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4-H, Purdue Extension celebrate origin of American county fair

Harrison County 4-H and Purdue Extension celebrated the origins of the American county fair this year with Purdue education stations at the Harrison County Fair. The roots of the county fair stem from agricultural education.

In the early 19th century, communities would gather to share knowledge and demonstrations of modern agricultural techniques. Sheep shearing or new planting methods were important to share throughout growing communities that relied on efficiency and good yields. Farmers would showcase their livestock and compete for local acclaim. New technologies, such as airplanes and tractors, were often seen by many for the first time at these events. Entertainment, food and vendors were added and, thus, this great tradition was born.

4-H grew out of the need to teach young people and their families agricultural education, and partnering with agricultural fairs to allow youth to share their mastery of these crafts was a natural fit. 4-H carries on that tradition today, by preparing young people in all walks of life the skills they need for the future and maintains its strong agricultural traditions.

Harrison County 4-H volunteers, youth members and volunteers from other organizations combined efforts this year to present a week-long education station under the grandstands. Each evening, a different topic was highlighted, from soil science to poultry embryology.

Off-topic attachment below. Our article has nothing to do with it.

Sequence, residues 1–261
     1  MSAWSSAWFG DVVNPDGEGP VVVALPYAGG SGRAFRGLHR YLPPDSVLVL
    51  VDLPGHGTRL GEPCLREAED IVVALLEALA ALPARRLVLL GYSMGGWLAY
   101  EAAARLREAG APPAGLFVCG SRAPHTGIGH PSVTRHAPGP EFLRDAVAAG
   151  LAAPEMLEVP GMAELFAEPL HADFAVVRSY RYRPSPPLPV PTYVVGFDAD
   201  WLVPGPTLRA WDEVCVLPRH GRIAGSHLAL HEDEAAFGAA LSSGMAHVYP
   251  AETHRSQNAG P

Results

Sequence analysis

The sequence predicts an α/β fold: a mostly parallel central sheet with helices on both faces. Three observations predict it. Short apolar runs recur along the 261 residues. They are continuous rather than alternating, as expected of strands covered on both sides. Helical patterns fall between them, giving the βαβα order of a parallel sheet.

The Harrison County poultry club shared the life cycle of chickens with animal ambassadors “KiKi” the Cochin and “Sarai” the Wyandotte. Summer intern Ariel Camm shared how animal byproducts are part of daily life, and the 4-H Dairy Barn Gang brought a dairy calf and taught the public how to make butter.

4-H Horse and Pony members shared a leather craft with miniature horses, Peanut, Jelly and Pickles.

A new partnership for 2021 featured the Harness Horse Youth Foundation; 11 youth attended the Thursday morning session, and Ellen Taylor from the HHYF presented. Youth learned about careers in the harness horse industry, parts of the harness and watched the morning works before the afternoon races. The youth also received educational gifts from the HHYF and the Harrison County Agricultural Society. Youth were also invited to watch the races and observe the horses in action.

The Harness Horse Youth Foundation will return to Harrison County in the fall to present harness racing at our Harrison County Ag Days for all Harrison County third graders.

Rebecca Wilkins M.S., CYC-P, Purdue Extension Educator, 4-H Youth Development

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